2. Join the YMCA before February — Regardless of when I can run again, I need to continue working out and cross train. Swimming is my “substitute” to running. And, once I am running again, I will continue to swim as cross training days. (Something I never did regularly before and will help in my plans to never be injured from running again!)
  3. Continue journaling — I used to keep a “dear diary” type of journal. No, I did not write “dear diary” but I had been keeping journals since I was in sixth grade. I’d just write about what happened that day and my feelings. I didn’t write daily but was very consistent with it. About a year ago (so even prior to getting injured) I stopped for some reason. I guess I just got too busy. I was tired of always writing “I’m feeling tired” countless times in my journals. Now my plan is to not write the details and all my feelings of the days, but to just write one sentence (or more if I feel like it) to describe one positive thing that happened that day.
  4. Read one book a month — This is really hard for me. Bryce always jokes that I never read. But, I guess it’s true so it’s not a joke? I enjoy reading but always say I don’t have time. I’m going to make a habit of reading before bed or instead of those minutes where I am aimlessly scrolling through social media on my phone while I sit at home, I will pick up a book instead! This is honestly going to be my hardest goal of them all.

I know I’m late to the game in establishing my new year goals. But hey, better now then never, right?

Life Rules

When I walked into the restroom, I didn’t think I was going to meet someone who would make me think … like, really think about my life.

It was the second night of Potlatch. I was probably expecting some poor Ultimate Frisbee player to be passed out under the sink or throwing up inside one of the stalls. Nope.

I took care of my business and started chatting with the woman in the stall next to me. She said she was from Mars. Now this was someone I wanted to talk to. After disclosing more about my sad little life than she wanted to hear, she told me about her “life rules.”

Make no decisions based on fear. Learn to be OK being alone. Nothing in life is free.

Those were the ones I could remember off the top of my head the next morning. It’s a good thing she had a smartphone and emailed me the complete set of rules.

She asked me what I wanted in my life. What are the details? I didn’t know. I only knew that I wanted to get the heck out of my current work situation. But, I also told her I am not a quitter. She told me I knew what I needed to do.

There was a time when I enjoyed my job. I had improved substantially since I started. I was proud of my work. I thrived on the deadlines and stress that came with it. Now, I turn in stories that I know could be better if I had just had the time to track down one or two more sources. But there is no more time. I am constantly working more than 40-hour work weeks — without getting paid for it. I’m fine with having responsibilities. But, when you have more than your own fair share of responsibilities? Maybe I sound like I am complaining — which yes, I am — but, this is no longer a normal healthy situation or environment.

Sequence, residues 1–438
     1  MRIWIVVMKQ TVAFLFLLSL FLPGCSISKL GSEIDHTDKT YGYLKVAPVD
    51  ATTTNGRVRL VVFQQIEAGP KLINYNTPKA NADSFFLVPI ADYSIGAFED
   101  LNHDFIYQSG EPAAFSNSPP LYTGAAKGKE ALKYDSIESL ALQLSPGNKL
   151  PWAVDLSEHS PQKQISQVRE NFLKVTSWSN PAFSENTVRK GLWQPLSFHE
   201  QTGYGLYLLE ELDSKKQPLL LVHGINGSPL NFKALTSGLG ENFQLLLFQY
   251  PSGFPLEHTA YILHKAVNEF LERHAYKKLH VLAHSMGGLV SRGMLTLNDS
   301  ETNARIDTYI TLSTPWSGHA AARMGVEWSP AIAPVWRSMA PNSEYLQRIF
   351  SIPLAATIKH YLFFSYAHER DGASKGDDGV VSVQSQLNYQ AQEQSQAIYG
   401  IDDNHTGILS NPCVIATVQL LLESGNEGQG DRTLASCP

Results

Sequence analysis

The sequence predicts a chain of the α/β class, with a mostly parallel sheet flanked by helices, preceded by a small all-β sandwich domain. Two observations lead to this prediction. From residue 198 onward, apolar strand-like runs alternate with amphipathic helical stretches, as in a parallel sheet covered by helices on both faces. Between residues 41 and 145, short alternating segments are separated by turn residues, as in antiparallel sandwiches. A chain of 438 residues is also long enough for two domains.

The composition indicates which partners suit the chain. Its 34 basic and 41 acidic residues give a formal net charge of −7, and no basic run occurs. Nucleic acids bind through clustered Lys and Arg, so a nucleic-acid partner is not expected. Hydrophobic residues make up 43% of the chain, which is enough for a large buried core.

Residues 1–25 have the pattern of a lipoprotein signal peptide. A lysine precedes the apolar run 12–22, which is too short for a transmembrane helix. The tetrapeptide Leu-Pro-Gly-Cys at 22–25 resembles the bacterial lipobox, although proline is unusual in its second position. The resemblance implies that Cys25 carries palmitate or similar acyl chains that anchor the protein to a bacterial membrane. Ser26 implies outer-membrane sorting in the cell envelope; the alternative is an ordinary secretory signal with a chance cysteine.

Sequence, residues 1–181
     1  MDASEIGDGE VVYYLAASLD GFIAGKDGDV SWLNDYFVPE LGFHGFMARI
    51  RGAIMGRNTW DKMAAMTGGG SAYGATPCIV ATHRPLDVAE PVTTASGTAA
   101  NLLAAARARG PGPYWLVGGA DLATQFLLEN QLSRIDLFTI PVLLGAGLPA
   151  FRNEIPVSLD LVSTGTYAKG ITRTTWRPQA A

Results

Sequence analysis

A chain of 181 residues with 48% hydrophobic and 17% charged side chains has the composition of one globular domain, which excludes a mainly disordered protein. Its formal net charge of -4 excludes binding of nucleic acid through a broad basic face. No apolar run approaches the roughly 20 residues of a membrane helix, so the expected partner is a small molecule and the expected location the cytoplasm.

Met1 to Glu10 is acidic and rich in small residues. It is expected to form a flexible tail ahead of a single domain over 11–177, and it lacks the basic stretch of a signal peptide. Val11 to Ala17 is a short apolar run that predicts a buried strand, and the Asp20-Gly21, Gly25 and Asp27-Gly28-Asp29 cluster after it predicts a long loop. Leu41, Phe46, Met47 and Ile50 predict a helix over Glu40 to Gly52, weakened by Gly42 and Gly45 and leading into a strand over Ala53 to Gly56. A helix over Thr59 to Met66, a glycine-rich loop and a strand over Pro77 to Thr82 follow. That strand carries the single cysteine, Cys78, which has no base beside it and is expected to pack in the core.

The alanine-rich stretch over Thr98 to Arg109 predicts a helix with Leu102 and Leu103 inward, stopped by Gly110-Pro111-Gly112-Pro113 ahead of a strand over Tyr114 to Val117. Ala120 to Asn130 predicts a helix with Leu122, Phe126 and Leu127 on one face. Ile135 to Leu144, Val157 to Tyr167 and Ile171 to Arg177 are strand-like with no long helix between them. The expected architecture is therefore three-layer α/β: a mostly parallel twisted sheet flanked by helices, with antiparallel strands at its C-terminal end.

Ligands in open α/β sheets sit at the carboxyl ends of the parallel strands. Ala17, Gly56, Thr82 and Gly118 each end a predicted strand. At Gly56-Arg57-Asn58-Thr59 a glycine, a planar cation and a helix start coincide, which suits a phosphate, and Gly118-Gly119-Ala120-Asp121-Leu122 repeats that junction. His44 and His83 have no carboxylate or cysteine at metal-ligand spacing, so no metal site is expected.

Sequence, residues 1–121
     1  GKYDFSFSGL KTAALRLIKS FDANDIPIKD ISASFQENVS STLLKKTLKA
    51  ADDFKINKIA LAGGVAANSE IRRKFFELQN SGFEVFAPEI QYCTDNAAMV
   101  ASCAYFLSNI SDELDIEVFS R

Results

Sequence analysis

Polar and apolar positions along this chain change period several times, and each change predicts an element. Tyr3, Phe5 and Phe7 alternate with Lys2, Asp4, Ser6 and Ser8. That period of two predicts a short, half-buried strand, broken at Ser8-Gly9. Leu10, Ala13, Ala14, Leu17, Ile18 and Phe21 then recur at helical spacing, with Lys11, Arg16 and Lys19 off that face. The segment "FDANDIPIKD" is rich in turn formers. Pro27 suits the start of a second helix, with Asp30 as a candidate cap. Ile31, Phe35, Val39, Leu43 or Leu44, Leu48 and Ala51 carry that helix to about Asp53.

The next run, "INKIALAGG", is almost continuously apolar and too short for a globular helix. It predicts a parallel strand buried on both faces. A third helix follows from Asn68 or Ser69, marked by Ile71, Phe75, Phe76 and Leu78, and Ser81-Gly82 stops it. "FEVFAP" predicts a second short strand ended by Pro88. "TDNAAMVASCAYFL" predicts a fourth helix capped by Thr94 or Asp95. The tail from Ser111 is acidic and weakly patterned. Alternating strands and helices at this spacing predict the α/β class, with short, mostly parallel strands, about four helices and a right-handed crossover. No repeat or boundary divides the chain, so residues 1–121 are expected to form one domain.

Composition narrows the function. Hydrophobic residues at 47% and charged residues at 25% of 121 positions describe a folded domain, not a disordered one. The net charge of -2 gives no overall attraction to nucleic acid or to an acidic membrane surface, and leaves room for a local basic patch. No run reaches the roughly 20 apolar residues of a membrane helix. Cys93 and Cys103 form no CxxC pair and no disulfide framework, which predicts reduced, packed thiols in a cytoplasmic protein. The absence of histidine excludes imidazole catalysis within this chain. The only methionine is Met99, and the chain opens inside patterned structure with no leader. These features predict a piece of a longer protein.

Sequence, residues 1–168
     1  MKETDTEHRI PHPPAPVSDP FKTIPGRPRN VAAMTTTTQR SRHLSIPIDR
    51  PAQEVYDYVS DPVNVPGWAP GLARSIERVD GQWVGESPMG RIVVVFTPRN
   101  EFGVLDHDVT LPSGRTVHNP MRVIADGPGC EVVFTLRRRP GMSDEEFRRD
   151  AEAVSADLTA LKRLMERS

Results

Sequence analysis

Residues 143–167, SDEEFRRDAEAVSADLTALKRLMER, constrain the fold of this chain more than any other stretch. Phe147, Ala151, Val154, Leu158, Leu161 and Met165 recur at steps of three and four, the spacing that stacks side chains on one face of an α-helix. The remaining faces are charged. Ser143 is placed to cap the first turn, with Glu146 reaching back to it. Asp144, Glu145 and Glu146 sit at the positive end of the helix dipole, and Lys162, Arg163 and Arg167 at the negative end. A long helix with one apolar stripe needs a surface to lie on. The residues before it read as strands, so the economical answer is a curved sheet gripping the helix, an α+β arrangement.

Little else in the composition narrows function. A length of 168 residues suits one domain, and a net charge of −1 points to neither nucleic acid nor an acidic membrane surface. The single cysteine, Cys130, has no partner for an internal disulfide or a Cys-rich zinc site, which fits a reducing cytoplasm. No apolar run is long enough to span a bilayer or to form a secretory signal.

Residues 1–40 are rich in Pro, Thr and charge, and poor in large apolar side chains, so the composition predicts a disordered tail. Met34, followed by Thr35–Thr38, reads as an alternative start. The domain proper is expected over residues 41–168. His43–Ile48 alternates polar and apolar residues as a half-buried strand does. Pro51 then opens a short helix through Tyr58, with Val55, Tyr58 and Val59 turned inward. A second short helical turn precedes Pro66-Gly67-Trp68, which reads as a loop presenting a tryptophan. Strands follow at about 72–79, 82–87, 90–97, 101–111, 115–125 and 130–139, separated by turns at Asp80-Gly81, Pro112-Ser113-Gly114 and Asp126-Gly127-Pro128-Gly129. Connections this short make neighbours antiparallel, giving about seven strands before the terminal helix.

I’m tired. I’m so tired. I’m sleep-deprived. I’m tired of working my butt off and not getting anything in return. I’m emotionally drained. I’m tired of repeating myself over and over again when people ask me how my job is or how my job search is progressing. I’m tired of my friends and family having to put up with this version of myself that I feel is not my best version any more.

Make no decisions based on fear. Learn to be OK being alone. Nothing in life is free.

If I were the type of person to have a quarter-life crisis, right now would be a good time to have one.

For quite some time, I have really been wanting to get a new job.

I know, I know! I should be lucky to have a full-time job in this economy!

But when your inbox is getting filled with emails that include messages like: “Although we are impressed with your background, we wanted to let you know that we have extended an offer to another candidate who has accepted the position.” OR “We have decided to pursue other candidates who appear to match (skills and experience) our requirements more closely at this time.” AND  “The quality of applications for this position has been particularly high and we regret to inform you that we will not be moving forward with your application.” you start to feel worthless.

I know, I know! I should be satisfied to have a job in what I actually studied in college (journalism!) rather than feel sorry for myself.

But when the editorial staff has become smaller and suddenly you have more responsibilities (which means more hours of work) and you are not getting a raise or paid overtime, you kind of want to find a better option.

I know, I know! I should be thankful that my immediate boss is understanding and has a good sense of humor and colleagues who are helpful and funny!

But when you work 12/13-hour days more than one day in a row, you become exhausted. You don’t have time to run (and you love running!) You get really stressed out. (And with that stress, you gain weight and your face breaks out.) And you start thinking about all those emails you received in the past few days and begin to feel sorry for yourself. And then you think you are going to be stuck in this situation for a long while longer because “the world hates you” and if you are still here in the summer, then you will miss out on lots of ultimate Frisbee because most games are in the weekdays for the summer months. And then you get mad because next to running, ultimate is your favorite.

I know, I know! You’re telling me to shut-the-hell-up and stop acting pathetic. That’s exactly what I plan to do.

Over a recent conversation with a friend, I recalled all of the above thoughts. He had none of it. He told me if I wanted to change the situation I am in, I need to change it. I am the only one who is going to get myself out of here. Yes, it may be difficult, but it will happen. Instead of making excuses of being too tired to write another cover letter, I’ll just do it. Instead of going out with my friends every weekend-night, I’ll spend it at home scouring the inter-webs for more job openings. After all, once I am in back in the city, I’ll be able to hang out with my friends any day of the week.

And yes, I’ll stop Google searching “please get me a job back in Seattle.” It’s of no help.